Louis Friedman

Christopher Martin (The Principal Investigator of the NASA GALEX Mission)

Campus PI


We are exploiting the first 9‐12 months in 2012 to complete the newly accessible Milky Way Galactic Plane. We call this the GALEX Complete the Sky Survey (GCSS). NASA planned to close the GALEX mission at the end of December, 2011. A large portion of the Galactic Plane, which we have only recently begun to survey, will have no data. NASA, recognizing the scientific value of the Galactic Plane survey, encouraged the project to seek outside funding for completing the Survey. The Keck Institute for Space Studies was the first organization to provide partial funding for this important project.

The Galaxy Evolution Explorer (GALEX) is an orbiting space telescope observing galaxies in ultraviolet light across 10 billion years of cosmic history.

The GALEX Complete the Sky Survey will complete the Galactic Plane survey, areas shown in white (see figure below).

While GALEX has been optimized for extragalactic observations, our coverage of the Milky Way Galactic Plane has been limited by countrate limits set to protect the life of the Near UV photon‐counting detector at 100 kcps. We have increased those limits to 1 Mcps—the resulting data quality is still very high and comparable to lower countrate observations. By raising the limits, and in some cases imposing no limits, we are now in a position to fill in the Galactic Plane and the remaining unobserved parts of the Magellenic Clouds that have exceeded the 1 Mcps limits.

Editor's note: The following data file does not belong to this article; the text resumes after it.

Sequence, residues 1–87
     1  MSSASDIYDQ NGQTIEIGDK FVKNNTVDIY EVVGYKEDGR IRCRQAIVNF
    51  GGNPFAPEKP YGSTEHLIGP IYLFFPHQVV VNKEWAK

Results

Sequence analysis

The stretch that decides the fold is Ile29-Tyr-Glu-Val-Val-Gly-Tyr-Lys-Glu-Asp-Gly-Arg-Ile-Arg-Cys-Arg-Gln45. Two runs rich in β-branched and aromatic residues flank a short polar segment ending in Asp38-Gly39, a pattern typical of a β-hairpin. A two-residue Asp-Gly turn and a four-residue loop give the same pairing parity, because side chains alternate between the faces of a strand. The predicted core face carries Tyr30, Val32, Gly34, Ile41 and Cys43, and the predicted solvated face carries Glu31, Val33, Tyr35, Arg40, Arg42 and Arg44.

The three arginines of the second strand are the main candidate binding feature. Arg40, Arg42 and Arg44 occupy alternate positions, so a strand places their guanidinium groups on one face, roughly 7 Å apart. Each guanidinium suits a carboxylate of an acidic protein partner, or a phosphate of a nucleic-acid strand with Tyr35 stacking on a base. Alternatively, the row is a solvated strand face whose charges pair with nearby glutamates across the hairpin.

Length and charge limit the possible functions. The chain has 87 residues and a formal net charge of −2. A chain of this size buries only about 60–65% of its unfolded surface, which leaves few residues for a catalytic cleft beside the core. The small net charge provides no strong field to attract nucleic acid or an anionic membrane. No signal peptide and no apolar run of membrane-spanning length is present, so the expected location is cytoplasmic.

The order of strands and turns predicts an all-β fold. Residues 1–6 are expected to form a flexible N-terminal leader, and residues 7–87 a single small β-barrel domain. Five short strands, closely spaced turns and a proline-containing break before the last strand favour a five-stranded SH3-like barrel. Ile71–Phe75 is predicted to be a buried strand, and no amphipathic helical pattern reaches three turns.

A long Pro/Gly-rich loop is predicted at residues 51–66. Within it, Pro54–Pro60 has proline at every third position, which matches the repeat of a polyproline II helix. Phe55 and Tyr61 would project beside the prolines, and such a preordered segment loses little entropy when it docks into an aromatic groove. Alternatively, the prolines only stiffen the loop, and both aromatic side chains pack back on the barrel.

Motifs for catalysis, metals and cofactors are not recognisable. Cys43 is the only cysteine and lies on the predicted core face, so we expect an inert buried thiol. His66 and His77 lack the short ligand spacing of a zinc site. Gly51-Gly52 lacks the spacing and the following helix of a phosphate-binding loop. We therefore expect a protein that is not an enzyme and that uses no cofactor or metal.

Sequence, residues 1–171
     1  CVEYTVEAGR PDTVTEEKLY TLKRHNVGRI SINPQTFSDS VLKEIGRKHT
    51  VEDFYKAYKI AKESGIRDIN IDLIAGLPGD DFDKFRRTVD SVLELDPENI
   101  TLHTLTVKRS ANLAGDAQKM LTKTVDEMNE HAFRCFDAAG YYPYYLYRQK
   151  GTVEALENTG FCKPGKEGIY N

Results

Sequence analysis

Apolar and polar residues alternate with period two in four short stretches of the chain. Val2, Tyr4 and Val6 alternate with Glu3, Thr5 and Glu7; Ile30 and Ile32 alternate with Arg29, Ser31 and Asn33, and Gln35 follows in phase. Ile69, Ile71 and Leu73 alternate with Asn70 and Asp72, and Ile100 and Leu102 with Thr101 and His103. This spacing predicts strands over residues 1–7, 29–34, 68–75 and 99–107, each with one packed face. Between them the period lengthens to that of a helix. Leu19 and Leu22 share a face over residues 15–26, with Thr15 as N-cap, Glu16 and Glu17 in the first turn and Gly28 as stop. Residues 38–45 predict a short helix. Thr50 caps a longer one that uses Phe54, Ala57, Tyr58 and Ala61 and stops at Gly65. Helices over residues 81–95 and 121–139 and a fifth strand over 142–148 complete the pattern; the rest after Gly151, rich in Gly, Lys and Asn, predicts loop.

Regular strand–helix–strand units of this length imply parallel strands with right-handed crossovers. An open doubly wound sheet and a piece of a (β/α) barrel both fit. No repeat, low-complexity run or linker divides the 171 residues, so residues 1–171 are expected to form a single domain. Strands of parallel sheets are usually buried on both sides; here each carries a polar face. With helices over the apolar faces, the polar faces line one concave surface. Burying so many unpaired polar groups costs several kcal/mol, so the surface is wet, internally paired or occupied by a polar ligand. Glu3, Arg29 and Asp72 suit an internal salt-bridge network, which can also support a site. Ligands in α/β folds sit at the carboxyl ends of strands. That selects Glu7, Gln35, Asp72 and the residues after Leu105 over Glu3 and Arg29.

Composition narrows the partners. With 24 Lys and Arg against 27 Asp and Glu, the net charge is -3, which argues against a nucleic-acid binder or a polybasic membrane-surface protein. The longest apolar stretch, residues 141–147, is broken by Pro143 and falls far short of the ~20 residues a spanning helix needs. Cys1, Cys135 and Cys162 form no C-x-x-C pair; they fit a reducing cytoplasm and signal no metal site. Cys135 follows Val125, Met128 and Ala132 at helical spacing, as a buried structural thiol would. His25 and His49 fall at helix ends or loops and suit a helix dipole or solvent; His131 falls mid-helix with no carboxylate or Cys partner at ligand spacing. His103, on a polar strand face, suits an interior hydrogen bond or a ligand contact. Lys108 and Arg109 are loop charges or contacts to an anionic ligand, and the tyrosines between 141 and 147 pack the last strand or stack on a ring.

(Above) Image of the Galaxy Evolution Explorer Survey (GALEX) of the Galactic Plane, the first high resolution map of the Milky Way obtained at ultraviolet wavelengths. The full images shown at top and bottom are 7200 square degrees (360x20). The zoom-ins are 100 square degrees. Visible in the images are striking stellar clusters, wisps of emission from supernova remnants, including the Cygnus Loop, and pronounced dusty absorption features surrounding star-forming regions and molecular clouds in the disk out the Galaxy. Dust is traced by sub-millimeter data from the Planck satellite, also shown in gold on the overlay. Data analysis is in progress, but this survey has already turned up thousands of sources and features which are ideal for follow-up using the Hubble Space Telescope and Keck. All images are shown with 1 arc minute pixels although the data from the full survey has x10 higher angular resolution. The GALEX survey of the Galactic Plane was made possible by a generous contribution from the Keck Institute for Space Studies. Image Credit: D. Schiminovich (Columbia), M. Seibert (OCIW) and GALEX science team, led by Prof. C. Martin at Caltech.